Friday, May 26, 2006

Dahh, Da, Da, Da, Dahhh, Dahh

“A ship in harbor is safe, but that is not what a ship is made for.”

This quote was my opening line from my Baccalaureate speech given in 1994. Since then, I have forgotten who originally spoke that wise phrase and those ghastly white shoes I wore have been lost. Still, the memory of that day stuck with me somehow.

Carey Overby, a dear friend and fellow graduate, picked me up from my house for graduation and we rode over in her little red Honda. She let me read my speech during that car ride. For some reason, I refused to go over that speech with anyone else. Carey laughed at the right moments and guaranteed me that someone in the room would cry before it was over. In my 18-year-old mind, that was all I was really hoping for.

Stepping up to the podium that day led me to realize something about my life. After this, it would utterly change completely. All of the faces that I looked into would never line up in front of me again. We would never all sit together, side by side, after graduation. This time in my life was unequivocally over.

Which part of graduation is most important—considering what you finished or chasing the heels of your future.

Even though we might not wear goofy robes and square hats again, informal graduations happen in our lives all the time. College students graduate from dependence on their parents to make relational decisions for them. Young adults graduate from needing their friends to determine their happiness. We keep moving forward.

My mom is graduating too. On Friday, she packed up her van, lovingly known as “Vantastic,” and drove away from Heritage High School for the very time. She has spent her career teaching and changing countless lives in Rockdale County.

No other teacher leads like mom, known as “Mrs. Ingle” to the rest of the world. When a student seems tired or disinterested in her class, she always buys them M & M’s. They must be sick, and M & M’s make everyone feel better. Her classroom assignments, notebooks, and projects become both life-changing tools and relationship builders for all of her students. She can talk teenagers into anything from wearing a cow suit and walking down the hall to sharing the deepest parts of who they are with each other. In the midst of all of it, they make positive decisions that change the course of their lives.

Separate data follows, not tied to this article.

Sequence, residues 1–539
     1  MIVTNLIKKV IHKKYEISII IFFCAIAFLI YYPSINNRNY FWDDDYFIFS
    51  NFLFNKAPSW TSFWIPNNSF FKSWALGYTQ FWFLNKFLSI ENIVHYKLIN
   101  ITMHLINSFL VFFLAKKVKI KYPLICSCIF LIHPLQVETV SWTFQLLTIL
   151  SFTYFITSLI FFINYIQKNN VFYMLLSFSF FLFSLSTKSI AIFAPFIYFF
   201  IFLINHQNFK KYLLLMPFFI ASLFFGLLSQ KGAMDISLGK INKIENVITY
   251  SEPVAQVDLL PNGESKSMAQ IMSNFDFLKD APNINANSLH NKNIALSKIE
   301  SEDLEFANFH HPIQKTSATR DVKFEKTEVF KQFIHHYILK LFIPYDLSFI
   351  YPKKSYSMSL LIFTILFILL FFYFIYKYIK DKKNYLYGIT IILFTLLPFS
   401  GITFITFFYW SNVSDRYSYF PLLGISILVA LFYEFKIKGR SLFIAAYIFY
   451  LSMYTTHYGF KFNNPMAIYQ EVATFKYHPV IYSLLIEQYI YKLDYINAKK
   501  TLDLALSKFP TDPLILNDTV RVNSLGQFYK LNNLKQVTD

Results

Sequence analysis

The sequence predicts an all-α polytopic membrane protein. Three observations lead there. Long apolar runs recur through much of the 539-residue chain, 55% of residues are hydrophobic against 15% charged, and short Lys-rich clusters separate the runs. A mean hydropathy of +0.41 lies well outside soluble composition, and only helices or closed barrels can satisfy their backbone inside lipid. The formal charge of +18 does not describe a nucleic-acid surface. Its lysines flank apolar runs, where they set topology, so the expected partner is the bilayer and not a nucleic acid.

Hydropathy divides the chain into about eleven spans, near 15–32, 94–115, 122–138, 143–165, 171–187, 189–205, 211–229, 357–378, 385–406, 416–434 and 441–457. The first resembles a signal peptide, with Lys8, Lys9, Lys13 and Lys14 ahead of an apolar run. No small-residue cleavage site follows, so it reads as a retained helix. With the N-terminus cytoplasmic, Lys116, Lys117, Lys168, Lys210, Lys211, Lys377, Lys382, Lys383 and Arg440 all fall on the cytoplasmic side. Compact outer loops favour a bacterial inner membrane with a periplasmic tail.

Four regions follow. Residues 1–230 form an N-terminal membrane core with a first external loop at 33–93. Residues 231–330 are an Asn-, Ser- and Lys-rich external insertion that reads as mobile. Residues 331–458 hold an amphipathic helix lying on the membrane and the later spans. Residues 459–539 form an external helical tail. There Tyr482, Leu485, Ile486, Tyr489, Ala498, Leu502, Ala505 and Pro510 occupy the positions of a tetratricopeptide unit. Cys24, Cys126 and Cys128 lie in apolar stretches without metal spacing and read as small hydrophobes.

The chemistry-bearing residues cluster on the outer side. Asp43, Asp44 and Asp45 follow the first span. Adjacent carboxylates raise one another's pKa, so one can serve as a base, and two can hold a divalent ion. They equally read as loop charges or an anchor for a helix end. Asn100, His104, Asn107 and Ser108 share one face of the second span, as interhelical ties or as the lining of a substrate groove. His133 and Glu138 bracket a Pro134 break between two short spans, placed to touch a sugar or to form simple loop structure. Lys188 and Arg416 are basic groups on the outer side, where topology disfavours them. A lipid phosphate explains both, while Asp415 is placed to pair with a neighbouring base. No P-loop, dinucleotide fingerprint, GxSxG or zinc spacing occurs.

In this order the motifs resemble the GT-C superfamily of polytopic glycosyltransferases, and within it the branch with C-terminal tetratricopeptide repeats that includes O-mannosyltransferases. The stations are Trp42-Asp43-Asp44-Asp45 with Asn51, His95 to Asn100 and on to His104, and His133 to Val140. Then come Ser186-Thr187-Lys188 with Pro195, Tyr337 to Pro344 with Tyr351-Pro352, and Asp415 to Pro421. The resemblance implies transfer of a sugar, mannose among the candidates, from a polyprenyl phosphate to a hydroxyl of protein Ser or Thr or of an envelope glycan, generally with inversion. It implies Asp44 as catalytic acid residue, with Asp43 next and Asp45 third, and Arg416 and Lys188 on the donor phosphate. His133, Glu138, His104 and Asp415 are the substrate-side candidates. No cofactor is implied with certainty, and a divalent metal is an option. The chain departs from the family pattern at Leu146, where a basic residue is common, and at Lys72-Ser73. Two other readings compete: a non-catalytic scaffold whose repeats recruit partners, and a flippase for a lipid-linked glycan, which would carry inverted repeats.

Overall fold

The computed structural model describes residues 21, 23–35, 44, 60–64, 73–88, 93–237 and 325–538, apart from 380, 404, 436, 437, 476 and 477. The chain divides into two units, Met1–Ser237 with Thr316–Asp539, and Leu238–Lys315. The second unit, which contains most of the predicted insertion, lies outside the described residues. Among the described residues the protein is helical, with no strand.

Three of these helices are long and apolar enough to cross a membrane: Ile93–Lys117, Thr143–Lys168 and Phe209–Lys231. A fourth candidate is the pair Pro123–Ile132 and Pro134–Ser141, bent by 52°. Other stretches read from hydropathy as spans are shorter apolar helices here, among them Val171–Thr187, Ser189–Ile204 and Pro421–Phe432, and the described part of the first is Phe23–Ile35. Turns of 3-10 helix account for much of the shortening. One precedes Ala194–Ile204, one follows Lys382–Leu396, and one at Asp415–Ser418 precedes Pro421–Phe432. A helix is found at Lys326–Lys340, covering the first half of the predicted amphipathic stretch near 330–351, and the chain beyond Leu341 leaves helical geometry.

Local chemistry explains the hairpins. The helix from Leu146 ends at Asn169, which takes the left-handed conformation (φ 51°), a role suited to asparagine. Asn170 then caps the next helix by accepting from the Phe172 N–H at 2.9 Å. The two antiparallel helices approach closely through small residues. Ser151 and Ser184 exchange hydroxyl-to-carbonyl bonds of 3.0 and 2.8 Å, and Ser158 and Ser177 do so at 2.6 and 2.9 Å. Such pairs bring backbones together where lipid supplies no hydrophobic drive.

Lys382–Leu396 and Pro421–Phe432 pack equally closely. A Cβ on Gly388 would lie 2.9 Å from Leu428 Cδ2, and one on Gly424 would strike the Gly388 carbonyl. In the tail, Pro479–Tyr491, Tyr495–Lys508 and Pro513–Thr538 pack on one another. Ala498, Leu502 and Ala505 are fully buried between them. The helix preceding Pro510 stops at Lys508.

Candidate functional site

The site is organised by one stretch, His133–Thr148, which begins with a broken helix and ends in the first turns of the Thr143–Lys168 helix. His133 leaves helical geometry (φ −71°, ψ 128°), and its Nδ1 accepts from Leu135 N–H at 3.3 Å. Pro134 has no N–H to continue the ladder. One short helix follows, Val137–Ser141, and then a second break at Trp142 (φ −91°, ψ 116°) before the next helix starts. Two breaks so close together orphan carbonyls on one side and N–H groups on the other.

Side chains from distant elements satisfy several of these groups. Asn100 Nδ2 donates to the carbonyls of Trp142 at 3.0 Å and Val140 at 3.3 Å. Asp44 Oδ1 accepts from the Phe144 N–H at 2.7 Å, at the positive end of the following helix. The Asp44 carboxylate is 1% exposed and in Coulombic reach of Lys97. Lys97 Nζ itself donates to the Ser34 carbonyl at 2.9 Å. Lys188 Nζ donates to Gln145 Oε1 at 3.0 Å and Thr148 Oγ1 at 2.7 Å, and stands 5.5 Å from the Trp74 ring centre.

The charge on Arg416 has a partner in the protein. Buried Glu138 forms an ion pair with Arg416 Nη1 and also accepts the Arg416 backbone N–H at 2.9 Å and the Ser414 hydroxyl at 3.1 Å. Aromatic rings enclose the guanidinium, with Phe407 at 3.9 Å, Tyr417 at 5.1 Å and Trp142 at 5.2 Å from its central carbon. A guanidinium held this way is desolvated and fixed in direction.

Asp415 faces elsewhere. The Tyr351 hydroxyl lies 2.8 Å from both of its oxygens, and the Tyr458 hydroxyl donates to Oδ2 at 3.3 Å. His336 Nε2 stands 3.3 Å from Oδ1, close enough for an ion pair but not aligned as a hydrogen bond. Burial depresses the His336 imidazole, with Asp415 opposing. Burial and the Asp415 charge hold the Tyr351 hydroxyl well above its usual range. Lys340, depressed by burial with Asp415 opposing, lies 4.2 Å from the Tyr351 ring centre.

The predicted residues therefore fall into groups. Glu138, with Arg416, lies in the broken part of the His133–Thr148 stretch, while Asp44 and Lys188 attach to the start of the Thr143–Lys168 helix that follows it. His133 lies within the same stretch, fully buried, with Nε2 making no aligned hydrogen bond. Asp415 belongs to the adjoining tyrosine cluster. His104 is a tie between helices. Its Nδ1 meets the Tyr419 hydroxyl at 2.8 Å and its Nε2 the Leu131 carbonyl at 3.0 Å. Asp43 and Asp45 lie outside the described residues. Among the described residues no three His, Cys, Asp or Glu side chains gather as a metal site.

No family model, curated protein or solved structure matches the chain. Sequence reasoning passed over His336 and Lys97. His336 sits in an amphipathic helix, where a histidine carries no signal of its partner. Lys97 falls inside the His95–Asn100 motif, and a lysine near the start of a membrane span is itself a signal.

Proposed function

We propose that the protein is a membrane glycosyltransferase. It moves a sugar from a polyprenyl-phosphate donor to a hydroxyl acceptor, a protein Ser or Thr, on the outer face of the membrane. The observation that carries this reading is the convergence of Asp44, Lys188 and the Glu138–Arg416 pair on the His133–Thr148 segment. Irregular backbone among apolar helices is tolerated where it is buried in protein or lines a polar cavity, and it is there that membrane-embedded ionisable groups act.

Now, she is graduating to a teacher ranked “retired.” Don’t let her fool you; her retirement is a fake-out. She will be teaching for the rest of her life. However, her graduation or retirement from Heritage High School is very significant.

When great teachers graduate, it creates a vacuum of need. Now, who will touch lives, give generously, and love with an overwhelming grace? The responsibility moves to all of us who have ever sat in her classroom. Wake up, dear students, young and old, and start teaching those around you.

Mom graduates in her life to the next place God plans on taking her. Let’s give her the one gift she has always wanted the most. To all of Mrs. Ingle’s students out there: give away the love of Jesus to everyone you see. She left her mark on all of us, whether it was an invisible cross drawn on our backs or words that you now teach your own children. Your graduation has come; you are a teacher who will change lives. No matter where you find yourself, God will use your life to touch those people around you.


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